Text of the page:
After the head pointer has been added to global array 122, or after a negative determination at block 202, MRTE 64 may determine at block 220 whether access to one or more TLVs is desired. Alternatively, MRTE 64 may be designed to automatically use TLV software 70 to retrieve a head pointer whenever appropriate, such as in advance of instructions that will require access to a TLV. In either case, MRTE 64 may obtain the stack address for the current thread at block 222, and MRTE 64 may use that stack address to determine the appropriate index into global array 122 at block 224, as described above. MRTE 64 may then use that index to retrieve the head pointer for the current thread's TLVs, as indicated at block 226. At block 228 MRTE 64 may then use the head pointer to access one or more TLVs of the current thread, for use in processes such as stack unwinding for GC and exception handling, runtime helper routines, etc.

In the example method depicted in FIG. 3, many of the determinations and calls to TLV functions are made by MRTE 64. In alternative embodiments, however, other components may make the same or related determinations and calls to TLV functions. For instance, a user application running directly over an OS without a managed runtime environment may make the same or related determinations and calls to TLV functions. For example, a multi-threading web browser may use TLV functions for managing the state of different threads used for downloading.

As described above, TLV software 70 provides a very efficient mechanism for allowing threads to access TLVs. For instance, in one or more of the above embodiments, once TLV head pointers have been stored in global array 122, MRTE 64 allows threads to access TLVs without using any kernel system calls. In the example embodiment, access to global array 122 is always lightweight. That is, access is provided while remaining completely in user mode. Calls are made only to user space functions. MRTE 64 thus avoids the high overhead associated with trapping into kernel or privileged mode. By keeping a global array of head pointer for TLVs and using thread stack addresses to index that global array, the runtime environment allows threads to access TLVs with almost negligible overhead.

The size of the global array may vary for different implementations. Factors in determining a suitable size may include the system capability of multithreading such as the maximum number of threads, the process stack size, and the thread stack size. In one embodiment, the global array is allocated with a size equal to the process stack size divided by the thread stack size. If a thread package prefers to reuse the stack area of a destroyed thread before allocating a new stack area, the size of the global array could be the maximum number of supported threads, which may be smaller than process stack size divided by thread stack size.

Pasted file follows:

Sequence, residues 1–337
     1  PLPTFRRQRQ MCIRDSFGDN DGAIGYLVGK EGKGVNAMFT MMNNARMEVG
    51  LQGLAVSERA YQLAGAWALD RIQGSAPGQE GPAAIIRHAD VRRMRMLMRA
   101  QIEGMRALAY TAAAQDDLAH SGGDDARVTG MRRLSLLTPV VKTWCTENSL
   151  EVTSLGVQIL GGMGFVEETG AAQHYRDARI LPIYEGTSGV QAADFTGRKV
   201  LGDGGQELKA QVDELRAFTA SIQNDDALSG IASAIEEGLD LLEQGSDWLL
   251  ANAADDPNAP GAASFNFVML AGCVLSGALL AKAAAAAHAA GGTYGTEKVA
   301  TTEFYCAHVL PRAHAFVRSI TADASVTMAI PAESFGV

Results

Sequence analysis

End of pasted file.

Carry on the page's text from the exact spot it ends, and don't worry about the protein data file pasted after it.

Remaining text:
A number of advantages may be provided by one or more embodiments. For instance, each thread may access only one item in global array 122 using a simple stack address mapping. The system may therefore avoid much of the overhead (e.g, searching and synchronization) associated with storing head pointers to and retrieving head pointers from more complex data structures, such as linked lists. Global array 122 may also provide improved memory locality, and memory accesses may therefore be reduced. For instance, in systems that provide a cache line of 32 bytes, 8 consecutive records from global array 122 may be loaded in the cache line at once. Relative data may therefore be referenced more quickly. Also, when destroying a thread, there is no need to clear its corresponding cell in the global array, because the cell will not be referenced until a new thread is created to occupy the stack chunk, and the old cell will then be initialized to the new head pointer of the newly created thread.

Moreover, the teachings of the present disclosure may be used to advantage in a wide variety of operating environments. For instance, the teachings may be used in a wide variety of runtime environments, including MRTEs designed for systems using Intel Corporation's XScale® technology or for any other type of data processing system. The types of MRTEs that may benefit from the teachings of the present disclosure include, without limitation, JVM runtime systems, Common Language Infrastructure environments such as Common Language Runtime (CLR), Perl/Parrot virtual machines, etc.

Moreover, the present teachings are not limited to use in runtime environments, but may be used to advantage in a wide variety of software architectures, environments, or products, including any multi-thread aware application. Examples of alternative embodiments include, without limitation, embodiments in which the operations for saving and retrieving head pointer for TLVs are implemented (a) in other types of middleware running logically between the OS level and the user application level, (b) as part of an OS, preferably to execute primarily in the user space rather than in the kernel space, and (c) as part of an end user program, application, or suite of applications.